Thursday, February 2, 2017

Exploring Self-Portraiture and Still Life Photography

I spend most of my photography life chasing around a toddler and a dachshund, and sometimes I long for a simple, stationary subject. I thought long and hard about what I could photograph that would cooperate, make for a compelling subject, and still reflect my daily life. I decided that I had to invest in a good tripod (my old one had a broken leg) and a wireless remote. So for the past month, I've been putting myself in the frame. In addition to self-portraiture, I've been trying out still life photography. Let's begin by discussing self-portraiture.

Like everything else in photography, light adds everything to your images (of course they literally couldn't exist without it). To make self-portraits look less like a headshot and more artistic, you have to seek out an interesting light. For the following image, I happened to notice the beautiful light pattern on this particular wall- it starts to reveal itself more or less every day around 2 pm. The light separators on the window provide a nice opportunity for framing, and because there was little chance of getting my toddler to sit still in that exact spot for a photo, I jumped in!  Challenge yourself by being cognizant of the dappled light in your home, and place yourself in the frame!


In the winter time, there are very few opportunities to capture a pretty sunset. When I looked outside the other day, I loved the slight golden hue of the setting sun and how it illuminated the bare trees. I had my daughter and our dog out on the deck with me, but neither would stay put, and I envisioned a serene image. I grabbed my tripod, remote, and a brewed a quick cup of coffee...why the coffee? Portraits, whether they are photographs or paintings, reveal information about their subjects through devices such as clothing, setting, and objects. Wearing a sentimental piece of clothing or jewelry, or even posing with your pet, provides storytelling elements that tell the audience about who you are. In this instance, I grabbed my favorite coffee mug and kept my appearance simple. I wanted to show a glimpse of my every day- which often includes copious amounts of coffee.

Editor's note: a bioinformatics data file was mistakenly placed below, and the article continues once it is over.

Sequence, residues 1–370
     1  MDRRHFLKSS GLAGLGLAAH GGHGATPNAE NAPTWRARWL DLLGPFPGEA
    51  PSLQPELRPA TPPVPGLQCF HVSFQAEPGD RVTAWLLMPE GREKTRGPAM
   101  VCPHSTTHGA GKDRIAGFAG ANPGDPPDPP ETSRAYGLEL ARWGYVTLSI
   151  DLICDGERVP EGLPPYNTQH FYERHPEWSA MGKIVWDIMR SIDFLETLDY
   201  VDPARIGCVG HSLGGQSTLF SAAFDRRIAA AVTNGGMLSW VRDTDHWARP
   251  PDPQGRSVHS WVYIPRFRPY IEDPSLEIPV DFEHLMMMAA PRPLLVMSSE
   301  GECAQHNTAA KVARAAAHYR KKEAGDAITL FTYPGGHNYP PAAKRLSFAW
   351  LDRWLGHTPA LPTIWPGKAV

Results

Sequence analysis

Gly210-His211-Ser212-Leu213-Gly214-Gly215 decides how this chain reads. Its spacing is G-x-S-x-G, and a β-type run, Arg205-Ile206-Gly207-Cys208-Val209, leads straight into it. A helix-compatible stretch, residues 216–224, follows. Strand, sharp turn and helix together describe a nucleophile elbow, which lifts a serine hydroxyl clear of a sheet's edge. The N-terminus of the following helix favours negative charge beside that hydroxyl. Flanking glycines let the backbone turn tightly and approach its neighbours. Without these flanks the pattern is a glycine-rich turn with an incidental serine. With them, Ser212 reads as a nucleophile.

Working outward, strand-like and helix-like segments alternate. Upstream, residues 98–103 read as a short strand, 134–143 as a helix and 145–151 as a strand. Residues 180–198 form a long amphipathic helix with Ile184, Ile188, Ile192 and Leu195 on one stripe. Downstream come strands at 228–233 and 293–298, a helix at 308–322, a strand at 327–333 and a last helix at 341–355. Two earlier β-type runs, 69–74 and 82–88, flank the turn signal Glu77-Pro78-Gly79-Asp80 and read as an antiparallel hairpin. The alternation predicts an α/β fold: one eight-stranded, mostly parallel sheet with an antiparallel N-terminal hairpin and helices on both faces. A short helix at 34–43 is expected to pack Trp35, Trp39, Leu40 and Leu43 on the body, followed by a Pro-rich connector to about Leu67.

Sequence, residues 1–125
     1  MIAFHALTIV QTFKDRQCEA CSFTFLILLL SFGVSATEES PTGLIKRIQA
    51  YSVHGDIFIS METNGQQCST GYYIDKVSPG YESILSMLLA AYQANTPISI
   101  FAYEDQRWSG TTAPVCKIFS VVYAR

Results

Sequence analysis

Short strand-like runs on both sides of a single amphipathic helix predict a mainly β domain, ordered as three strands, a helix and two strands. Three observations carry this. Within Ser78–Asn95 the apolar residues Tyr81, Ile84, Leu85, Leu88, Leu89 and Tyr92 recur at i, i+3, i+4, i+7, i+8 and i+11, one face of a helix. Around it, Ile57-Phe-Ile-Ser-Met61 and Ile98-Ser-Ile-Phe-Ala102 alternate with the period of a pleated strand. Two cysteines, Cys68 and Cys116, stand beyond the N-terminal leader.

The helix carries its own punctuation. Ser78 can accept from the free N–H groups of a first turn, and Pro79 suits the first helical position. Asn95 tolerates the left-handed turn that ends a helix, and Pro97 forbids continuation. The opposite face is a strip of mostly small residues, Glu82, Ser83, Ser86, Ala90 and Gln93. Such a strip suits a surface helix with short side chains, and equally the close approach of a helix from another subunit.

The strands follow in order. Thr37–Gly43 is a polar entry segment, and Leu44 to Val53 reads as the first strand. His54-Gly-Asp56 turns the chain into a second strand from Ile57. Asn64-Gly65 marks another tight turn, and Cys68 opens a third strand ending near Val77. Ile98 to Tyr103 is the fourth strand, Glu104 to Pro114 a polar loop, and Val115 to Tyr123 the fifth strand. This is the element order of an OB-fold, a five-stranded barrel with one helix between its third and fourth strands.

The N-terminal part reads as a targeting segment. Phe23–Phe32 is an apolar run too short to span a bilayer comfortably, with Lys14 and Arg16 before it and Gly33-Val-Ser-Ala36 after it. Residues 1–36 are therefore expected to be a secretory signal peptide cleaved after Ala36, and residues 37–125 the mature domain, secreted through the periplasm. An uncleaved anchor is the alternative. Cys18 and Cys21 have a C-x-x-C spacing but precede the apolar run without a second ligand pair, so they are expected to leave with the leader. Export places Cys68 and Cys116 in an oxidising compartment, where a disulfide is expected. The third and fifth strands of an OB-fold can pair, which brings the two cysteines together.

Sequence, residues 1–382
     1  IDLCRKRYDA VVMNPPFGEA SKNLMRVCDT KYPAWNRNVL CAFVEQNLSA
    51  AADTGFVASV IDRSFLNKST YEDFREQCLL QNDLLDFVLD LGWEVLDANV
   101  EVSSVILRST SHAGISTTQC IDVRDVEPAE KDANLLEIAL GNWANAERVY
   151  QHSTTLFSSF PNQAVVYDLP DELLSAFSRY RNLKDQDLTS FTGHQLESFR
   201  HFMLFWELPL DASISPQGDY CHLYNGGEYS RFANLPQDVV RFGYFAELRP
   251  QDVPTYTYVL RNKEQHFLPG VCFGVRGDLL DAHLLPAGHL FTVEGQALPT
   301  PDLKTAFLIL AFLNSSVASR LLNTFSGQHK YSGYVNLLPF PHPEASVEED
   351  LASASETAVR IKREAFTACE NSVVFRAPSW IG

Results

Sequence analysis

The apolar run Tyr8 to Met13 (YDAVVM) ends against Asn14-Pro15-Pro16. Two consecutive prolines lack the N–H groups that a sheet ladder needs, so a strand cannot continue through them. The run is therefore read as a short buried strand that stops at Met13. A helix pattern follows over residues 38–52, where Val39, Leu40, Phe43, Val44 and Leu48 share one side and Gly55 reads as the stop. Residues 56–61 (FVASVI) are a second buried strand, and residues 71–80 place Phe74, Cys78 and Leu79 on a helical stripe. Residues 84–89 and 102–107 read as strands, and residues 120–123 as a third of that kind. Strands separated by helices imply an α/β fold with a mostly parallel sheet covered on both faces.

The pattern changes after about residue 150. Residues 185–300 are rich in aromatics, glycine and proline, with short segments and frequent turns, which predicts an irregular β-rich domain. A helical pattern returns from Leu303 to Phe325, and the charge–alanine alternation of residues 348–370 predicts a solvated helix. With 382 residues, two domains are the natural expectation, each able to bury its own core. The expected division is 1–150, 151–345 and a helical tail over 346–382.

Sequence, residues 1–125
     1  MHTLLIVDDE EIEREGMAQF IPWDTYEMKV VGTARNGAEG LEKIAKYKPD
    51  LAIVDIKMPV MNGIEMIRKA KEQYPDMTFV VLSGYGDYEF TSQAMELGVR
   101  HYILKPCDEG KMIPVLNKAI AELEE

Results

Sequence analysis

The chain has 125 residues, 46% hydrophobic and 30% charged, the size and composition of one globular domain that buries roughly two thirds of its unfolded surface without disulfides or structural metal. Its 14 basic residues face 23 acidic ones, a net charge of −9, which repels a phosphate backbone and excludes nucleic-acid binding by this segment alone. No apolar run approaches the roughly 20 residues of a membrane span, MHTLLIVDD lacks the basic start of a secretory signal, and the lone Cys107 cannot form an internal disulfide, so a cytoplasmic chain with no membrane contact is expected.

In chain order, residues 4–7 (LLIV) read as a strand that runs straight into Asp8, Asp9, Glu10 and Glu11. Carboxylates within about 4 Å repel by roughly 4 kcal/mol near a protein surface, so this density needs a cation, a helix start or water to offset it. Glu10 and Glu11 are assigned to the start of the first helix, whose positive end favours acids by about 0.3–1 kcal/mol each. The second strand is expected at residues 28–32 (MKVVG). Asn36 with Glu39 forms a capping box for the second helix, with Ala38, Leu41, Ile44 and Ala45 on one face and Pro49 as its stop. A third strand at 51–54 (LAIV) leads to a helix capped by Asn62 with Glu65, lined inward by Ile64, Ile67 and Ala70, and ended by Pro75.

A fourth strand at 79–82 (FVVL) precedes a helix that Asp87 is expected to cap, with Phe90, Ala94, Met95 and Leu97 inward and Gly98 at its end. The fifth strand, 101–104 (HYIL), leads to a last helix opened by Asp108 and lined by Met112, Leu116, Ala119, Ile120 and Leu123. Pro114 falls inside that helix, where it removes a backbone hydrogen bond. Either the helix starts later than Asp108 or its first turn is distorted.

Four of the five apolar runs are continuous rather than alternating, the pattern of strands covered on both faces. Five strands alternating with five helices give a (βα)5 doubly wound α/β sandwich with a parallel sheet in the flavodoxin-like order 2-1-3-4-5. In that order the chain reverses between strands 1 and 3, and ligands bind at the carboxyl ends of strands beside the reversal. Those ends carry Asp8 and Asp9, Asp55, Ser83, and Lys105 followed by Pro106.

Below is another self-portrait that includes a mug, but this time I took advantage of the soft indoor light. I purposely wanted the red phone included- the previous homeowners left it behind, and it's become the mascot of our new house, a conversation piece. So as you set up your portraits, be sure to include environmental elements that contribute to your story.

While objects can be an important part of portraiture, they are the key subjects in still life photography. I love this genre because I fondly remember learning to paint from still lives in my art classes. The best part of still life photography is that you can stage it as you please and shoot at your leisure, the composition can be as simple or complicated as you like. In this image I've gathered objects that remind me of my daughter's first year...a doll I bought for her, her first pair of shoes, and a favorite storybook. As with self-portraits, be mindful of the light. I sought light that was dynamic yet soft since the subject matter involves a child's beloved objects.


The next photo was shot with a wide angle lens because I wanted to emphasize the simplicity of my subjects by creating negative space. Don't forget to experiment with different focal lengths to show intention and point of view.


In this final photograph, I purposely used harsh light and shadow- mainly because I wanted to emphasize the reflections on the film, but also because I knew I wanted to convert this one to black and white. With still life photography, you can shoot with intention and not worry about missing the moment. This gives you the ability to try different angles and experiment with photographic techniques pressure free. Have fun and stay inspired!



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